After writing forward and reverse functions, migrations file should look like this now.
from django.db import migrations from django.utils.text import slugify def add_slug(apps, schema_editor): Book = apps.get_model('library', 'Book') for book in Book.objects.all(): book.slug = slugify(book.title) book.save() def remove_slug(apps, schema_editor): Book = apps.get_model('library', 'Book') for book in Book.objects.all(): book.slug = None book.save() class Migration(migrations.Migration): dependencies = [ ('library', '0004_book_slug'), ] operations = [ migrations.RunPython(add_slug, remove_slug) ]
You can notice that the Book model was imported via
get_model method from
apps instance. This method uses historical versions of the models ensuring that the imported model instance is not newer than this migration expects. It expects two arguments, app name and model name.
WARNING - If you override a model’s save and delete methods, they won’t be called when called by RunPython.
To apply changes, run
$ python manage.py migrate Operations to perform: Apply all migrations: admin, auth, contenttypes, library, sessions Running migrations: Applying library.0005_auto_20211212_0204... OK
Looking at the data, we see that the latest migration successfully created the slug.
|1||The Hitchhiker’s Guide to the Galaxy||1979-10-12 …||the-hitchhikers-guide-to-the-galaxy|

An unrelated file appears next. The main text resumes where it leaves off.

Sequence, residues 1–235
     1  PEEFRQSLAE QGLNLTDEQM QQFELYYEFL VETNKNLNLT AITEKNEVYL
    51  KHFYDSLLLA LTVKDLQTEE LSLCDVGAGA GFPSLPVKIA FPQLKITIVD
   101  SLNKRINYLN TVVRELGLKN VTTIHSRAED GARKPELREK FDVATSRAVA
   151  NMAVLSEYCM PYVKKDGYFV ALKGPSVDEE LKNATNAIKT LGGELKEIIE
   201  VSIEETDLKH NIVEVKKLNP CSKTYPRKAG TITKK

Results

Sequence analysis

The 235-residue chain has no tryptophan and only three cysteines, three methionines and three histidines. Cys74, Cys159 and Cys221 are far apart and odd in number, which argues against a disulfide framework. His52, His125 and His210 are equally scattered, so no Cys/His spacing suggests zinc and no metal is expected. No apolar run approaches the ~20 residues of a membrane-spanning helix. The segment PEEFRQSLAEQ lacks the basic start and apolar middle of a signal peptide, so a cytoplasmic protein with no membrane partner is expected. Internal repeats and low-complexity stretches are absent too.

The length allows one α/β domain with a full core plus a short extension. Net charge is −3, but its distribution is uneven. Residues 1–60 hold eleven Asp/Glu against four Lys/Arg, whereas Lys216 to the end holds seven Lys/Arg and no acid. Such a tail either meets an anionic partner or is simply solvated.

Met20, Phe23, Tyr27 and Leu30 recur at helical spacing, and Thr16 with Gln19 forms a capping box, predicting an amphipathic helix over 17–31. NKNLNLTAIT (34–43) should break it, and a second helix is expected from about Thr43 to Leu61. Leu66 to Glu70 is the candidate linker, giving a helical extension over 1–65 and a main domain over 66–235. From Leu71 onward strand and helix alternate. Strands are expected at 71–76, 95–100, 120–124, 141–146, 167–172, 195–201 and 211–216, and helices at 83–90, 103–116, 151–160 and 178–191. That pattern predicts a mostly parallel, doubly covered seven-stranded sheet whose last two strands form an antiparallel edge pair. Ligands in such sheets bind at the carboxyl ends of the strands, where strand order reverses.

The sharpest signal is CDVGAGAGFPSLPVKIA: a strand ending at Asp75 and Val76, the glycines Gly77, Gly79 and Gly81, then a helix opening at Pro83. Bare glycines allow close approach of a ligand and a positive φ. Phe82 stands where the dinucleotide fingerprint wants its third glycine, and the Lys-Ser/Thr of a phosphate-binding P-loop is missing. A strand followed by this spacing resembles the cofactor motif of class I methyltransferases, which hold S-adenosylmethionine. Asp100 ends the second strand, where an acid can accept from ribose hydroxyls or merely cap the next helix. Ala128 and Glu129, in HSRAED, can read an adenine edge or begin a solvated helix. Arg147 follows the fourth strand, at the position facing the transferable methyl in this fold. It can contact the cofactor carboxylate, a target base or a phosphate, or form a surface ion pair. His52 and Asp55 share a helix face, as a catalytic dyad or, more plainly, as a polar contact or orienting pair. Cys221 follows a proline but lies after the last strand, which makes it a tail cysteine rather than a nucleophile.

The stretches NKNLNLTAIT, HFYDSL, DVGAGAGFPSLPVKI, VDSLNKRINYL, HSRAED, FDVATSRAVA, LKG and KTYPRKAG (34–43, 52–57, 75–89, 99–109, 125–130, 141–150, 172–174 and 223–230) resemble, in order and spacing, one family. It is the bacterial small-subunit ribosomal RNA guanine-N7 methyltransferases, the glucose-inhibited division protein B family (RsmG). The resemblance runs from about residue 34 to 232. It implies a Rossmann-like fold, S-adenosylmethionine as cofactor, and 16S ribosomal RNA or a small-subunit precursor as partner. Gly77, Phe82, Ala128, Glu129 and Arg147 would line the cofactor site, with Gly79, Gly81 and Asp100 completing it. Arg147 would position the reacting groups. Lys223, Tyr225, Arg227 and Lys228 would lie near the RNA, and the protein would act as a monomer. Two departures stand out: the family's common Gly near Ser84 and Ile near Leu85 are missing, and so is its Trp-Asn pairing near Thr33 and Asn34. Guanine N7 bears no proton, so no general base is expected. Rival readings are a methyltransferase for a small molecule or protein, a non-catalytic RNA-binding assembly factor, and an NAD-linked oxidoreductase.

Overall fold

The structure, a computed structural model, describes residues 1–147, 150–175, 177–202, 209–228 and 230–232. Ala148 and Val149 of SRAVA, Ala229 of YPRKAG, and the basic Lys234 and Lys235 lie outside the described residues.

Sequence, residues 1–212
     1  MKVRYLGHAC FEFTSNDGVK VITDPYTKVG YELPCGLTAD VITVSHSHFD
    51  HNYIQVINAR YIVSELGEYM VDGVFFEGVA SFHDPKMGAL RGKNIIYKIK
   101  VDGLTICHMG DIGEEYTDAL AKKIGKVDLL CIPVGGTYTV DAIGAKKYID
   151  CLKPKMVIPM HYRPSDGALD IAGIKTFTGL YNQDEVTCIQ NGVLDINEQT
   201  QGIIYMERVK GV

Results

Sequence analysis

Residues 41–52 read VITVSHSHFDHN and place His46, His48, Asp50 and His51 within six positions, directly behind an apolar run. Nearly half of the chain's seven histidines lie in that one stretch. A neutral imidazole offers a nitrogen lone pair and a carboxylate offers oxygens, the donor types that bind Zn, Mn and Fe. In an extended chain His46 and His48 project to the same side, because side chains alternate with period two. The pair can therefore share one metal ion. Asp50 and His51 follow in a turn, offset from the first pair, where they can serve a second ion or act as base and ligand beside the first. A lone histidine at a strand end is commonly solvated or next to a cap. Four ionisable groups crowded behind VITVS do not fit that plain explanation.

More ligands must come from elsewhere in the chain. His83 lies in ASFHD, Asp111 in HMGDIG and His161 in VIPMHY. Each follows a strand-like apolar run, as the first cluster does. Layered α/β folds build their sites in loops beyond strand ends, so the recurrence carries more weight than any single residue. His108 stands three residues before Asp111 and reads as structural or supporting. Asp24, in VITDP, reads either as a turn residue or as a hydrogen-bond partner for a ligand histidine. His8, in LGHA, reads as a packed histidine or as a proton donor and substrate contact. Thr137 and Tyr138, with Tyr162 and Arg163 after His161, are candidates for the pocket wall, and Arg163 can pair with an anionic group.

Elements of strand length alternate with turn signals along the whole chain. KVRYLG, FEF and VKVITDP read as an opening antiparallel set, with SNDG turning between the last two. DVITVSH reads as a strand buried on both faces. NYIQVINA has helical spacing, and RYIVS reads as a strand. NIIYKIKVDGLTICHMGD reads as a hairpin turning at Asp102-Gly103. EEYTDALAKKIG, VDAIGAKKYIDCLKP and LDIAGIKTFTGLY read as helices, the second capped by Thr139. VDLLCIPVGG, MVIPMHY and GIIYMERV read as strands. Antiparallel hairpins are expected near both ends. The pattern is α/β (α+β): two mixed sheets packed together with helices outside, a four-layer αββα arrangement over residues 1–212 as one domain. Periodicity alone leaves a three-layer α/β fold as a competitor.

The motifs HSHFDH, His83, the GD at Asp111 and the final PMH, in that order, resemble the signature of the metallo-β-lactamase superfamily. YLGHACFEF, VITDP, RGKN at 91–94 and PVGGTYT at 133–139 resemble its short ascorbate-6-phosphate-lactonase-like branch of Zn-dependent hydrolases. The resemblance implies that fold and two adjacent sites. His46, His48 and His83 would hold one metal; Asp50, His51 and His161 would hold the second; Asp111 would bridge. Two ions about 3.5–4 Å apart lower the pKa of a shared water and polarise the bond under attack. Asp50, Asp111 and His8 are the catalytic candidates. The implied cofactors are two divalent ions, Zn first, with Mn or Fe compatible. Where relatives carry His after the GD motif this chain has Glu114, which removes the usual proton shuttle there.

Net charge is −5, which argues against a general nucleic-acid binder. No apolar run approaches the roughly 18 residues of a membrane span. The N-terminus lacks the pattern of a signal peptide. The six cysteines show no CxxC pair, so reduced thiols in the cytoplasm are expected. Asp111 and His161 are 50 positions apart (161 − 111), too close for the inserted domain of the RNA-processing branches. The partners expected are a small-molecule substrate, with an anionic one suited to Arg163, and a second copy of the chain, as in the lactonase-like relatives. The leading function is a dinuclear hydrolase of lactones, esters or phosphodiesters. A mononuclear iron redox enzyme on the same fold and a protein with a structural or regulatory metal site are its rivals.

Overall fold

|2||Do Androids Dream of Electric Sheep?||1968-01-01 …||do-androids-dream-of-electric-sheep|
|3||Fahrenheit 451||1953-10-13 …||fahrenheit-451|
Optionally, you can also remove
null=True parameter from the Book model and migrate changes again. We temporarily added this parameter to avoid Django reporting an issue because of existing records in the database.
This is all that we needed for successful data migration, and it wasn’t that hard after all.
You learned what Django data migrations are, when it is best to use them, and how to apply changes to data using them. Before applying any migrations, make sure to back up your database data. There’s always a chance you overlooked something, and it’s better to have a reserve plan in that case.
To recap, data migrations are used when you need to make changes to data in the database. Use the RunPython command to execute custom code that will represent those changes. Sometimes it’s also good to define a code that can reverse the migration. You do that via forward and reverse callables that are passed to the RunPython command.
With this, we finished this chapter about data migrations in Django. See you next time!